America is in the midst of a ferocious debate about protests on the football field. Quarterback Colin Kaepernick started kneeling during the national anthem to call attention to police brutality against African Americans, inspiring others to do the same. Some think he is justified, others claim he is just a belligerent employee. On this episode, we look at the philosophical issues behind this debate, and have a discussion that focuses on race, sports, patriotism, the history of the United States, and the nature of democracy itself….Continue reading “Colin Kaepernick’s Football Protests and America” with guest Eric Burin
One in six Americans take psychiatric drugs, yet the country is becoming less happy. As a people, we are angry, suspicious, and alienated, but we are not the first generation to feel this way. The existentialists got there first. On this episode of Why? Radio, we look at this 19th and 20th century philosophical movement to consider what its adherents might have to say about Facebook, happiness, and integrity. We consider the meaning of freedom, agency, success, and even boxing, to explore what it means to live full, honest lives in an age of social networks and materialism. …Continue reading “Living Authentically in an Inauthentic Age” with guest Gordon Marino
When we think of college, we think of sports: of the big 10, of the NCAA, of the draft. We identify schools by their colors and mascots. Yet, the more money college sports earns and the more professionalized it becomes, the more horrified many are by the impact they have on universities. On the next episode of Why? Radio we’re going to examine this head on, asking about the impact of sports on academics, looking at how they have complete changed student culture.
The college sports industry is worth fifty to seventy billion dollars annually and is governed by a single organization, the National Collegiate Athletics Association. What happens if they’re not fair? What happens if there are deep systematic problems that no one has the power to fix and they won’t budge? Taylor Branch noted civil-rights historian, claims that the NCAA is immoral, that it’s racist, and that it has, the “unmistakable whiff of plantation on it.” On this episode of WHY? we’ll talk about the philosophy of college sports and the controversial agency that governs how college athletes live their lives. …Continue reading “The NCAA and its Universities” with Taylor Branch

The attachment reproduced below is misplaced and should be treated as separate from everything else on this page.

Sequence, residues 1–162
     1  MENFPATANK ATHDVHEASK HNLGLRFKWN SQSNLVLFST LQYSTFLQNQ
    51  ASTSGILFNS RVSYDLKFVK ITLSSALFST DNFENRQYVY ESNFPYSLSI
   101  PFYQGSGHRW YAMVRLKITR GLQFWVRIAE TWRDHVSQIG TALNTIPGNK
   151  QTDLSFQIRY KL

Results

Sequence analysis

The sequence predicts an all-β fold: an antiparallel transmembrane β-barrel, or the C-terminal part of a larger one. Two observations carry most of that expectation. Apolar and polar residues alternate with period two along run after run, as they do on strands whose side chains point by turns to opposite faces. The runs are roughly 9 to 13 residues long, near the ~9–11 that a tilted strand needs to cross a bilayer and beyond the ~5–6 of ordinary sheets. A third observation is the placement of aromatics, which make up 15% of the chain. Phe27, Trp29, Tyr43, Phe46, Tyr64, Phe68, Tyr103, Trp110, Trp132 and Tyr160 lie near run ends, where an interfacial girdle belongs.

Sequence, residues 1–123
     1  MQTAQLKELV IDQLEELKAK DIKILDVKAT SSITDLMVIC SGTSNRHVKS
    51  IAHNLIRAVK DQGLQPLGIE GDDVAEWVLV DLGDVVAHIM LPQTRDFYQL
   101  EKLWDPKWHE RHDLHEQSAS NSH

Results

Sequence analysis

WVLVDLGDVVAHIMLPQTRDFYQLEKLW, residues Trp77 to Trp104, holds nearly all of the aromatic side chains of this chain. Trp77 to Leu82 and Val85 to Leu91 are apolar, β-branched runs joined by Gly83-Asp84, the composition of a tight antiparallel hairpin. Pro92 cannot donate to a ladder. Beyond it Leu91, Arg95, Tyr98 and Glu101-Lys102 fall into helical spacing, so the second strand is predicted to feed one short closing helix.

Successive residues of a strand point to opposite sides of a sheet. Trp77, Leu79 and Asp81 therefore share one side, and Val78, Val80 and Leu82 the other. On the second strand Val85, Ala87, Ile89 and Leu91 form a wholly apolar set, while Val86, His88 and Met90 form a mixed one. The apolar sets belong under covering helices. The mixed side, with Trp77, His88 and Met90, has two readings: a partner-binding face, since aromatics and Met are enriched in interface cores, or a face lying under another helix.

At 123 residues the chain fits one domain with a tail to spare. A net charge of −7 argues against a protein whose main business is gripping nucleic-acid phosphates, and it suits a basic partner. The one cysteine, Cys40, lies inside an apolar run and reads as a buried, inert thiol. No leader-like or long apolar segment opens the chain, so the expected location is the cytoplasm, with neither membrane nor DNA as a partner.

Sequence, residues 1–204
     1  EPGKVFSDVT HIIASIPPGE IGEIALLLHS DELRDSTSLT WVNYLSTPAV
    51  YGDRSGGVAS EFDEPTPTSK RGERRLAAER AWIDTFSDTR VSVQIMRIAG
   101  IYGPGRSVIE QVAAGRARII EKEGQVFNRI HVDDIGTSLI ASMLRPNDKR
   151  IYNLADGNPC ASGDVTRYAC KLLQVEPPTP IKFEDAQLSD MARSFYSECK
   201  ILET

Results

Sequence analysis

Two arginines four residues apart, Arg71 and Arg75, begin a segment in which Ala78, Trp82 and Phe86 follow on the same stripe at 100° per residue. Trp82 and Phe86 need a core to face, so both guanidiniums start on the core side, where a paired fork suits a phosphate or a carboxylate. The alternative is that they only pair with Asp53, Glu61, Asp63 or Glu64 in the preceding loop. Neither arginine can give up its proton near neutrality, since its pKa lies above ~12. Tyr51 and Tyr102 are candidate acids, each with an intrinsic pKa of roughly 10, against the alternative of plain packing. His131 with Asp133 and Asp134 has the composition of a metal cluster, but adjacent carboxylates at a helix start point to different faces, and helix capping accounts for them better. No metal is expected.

What is the meaning of athletic competition and how should we understand its prominence in our society? Is victory the chief criterion of success or are other values significant? Does it play a moral role in our society? Can it teach us something? Is competition beautiful? Can we justify the enormous investments made in our professional and amateur sporting enterprises? What precisely is the satisfaction gained by athletic achievement? …Continue reading “Competition, Society, and the Athlete” with Paul Gaffney
What happens when a philosopher raised outside of a culture that promotes hunting takes up the sport? What philosophical lessons can he learn from the experience and how can he describe them in existential terms? Lawrence Cahoone asks these questions and more. Growing up in the urban and suburban Northeast, he had no experience of hunting. But in middle-age, after moving to a rural area, he decided that if he was going to eat meat he ought to find some himself. It seemed only fair. So, he began to hunt. But as a philosophy professor, he was forced to reflect on the experience in a very particular way. Was it moral to shoot animals? What does it feel like to seek and to kill? What was involved in entering the “wild on wild” business? Philosophers have debated whether hunting is a violation of animal rights, a friend to the environment, or a sport. But what Larry ended up asking was something more basic. In the end, he wanted to know: what does hunting mean? …Continue reading “Philosophy of Hunting” with Lawrence E. Cahoone